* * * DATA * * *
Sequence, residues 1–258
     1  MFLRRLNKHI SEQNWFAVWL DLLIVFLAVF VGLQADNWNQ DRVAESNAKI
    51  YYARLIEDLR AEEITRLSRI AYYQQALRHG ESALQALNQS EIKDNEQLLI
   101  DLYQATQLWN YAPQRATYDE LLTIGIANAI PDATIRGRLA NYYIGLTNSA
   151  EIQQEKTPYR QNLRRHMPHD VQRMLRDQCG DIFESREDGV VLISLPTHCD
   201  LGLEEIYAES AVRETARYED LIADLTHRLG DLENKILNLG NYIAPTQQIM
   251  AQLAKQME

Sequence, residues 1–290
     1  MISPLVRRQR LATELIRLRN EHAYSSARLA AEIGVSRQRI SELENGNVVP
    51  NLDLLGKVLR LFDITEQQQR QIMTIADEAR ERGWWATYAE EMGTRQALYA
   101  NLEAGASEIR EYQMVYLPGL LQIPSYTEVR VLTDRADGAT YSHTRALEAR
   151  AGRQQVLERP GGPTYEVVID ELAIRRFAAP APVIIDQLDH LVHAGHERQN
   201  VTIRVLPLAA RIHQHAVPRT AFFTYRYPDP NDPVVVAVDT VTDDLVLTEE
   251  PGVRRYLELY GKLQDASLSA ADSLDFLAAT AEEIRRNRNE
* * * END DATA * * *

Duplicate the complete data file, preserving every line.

Sequence, residues 1–258
     1  MFLRRLNKHI SEQNWFAVWL DLLIVFLAVF VGLQADNWNQ DRVAESNAKI
    51  YYARLIEDLR AEEITRLSRI AYYQQALRHG ESALQALNQS EIKDNEQLLI
   101  DLYQATQLWN YAPQRATYDE LLTIGIANAI PDATIRGRLA NYYIGLTNSA
   151  EIQQEKTPYR QNLRRHMPHD VQRMLRDQCG DIFESREDGV VLISLPTHCD
   201  LGLEEIYAES AVRETARYED LIADLTHRLG DLENKILNLG NYIAPTQQIM
   251  AQLAKQME

Sequence, residues 1–290
     1  MISPLVRRQR LATELIRLRN EHAYSSARLA AEIGVSRQRI SELENGNVVP
    51  NLDLLGKVLR LFDITEQQQR QIMTIADEAR ERGWWATYAE EMGTRQALYA
   101  NLEAGASEIR EYQMVYLPGL LQIPSYTEVR VLTDRADGAT YSHTRALEAR
   151  AGRQQVLERP GGPTYEVVID ELAIRRFAAP APVIIDQLDH LVHAGHERQN
   201  VTIRVLPLAA RIHQHAVPRT AFFTYRYPDP NDPVVVAVDT VTDDLVLTEE
   251  PGVRRYLELY GKLQDASLSA ADSLDFLAAT AEEIRRNRNE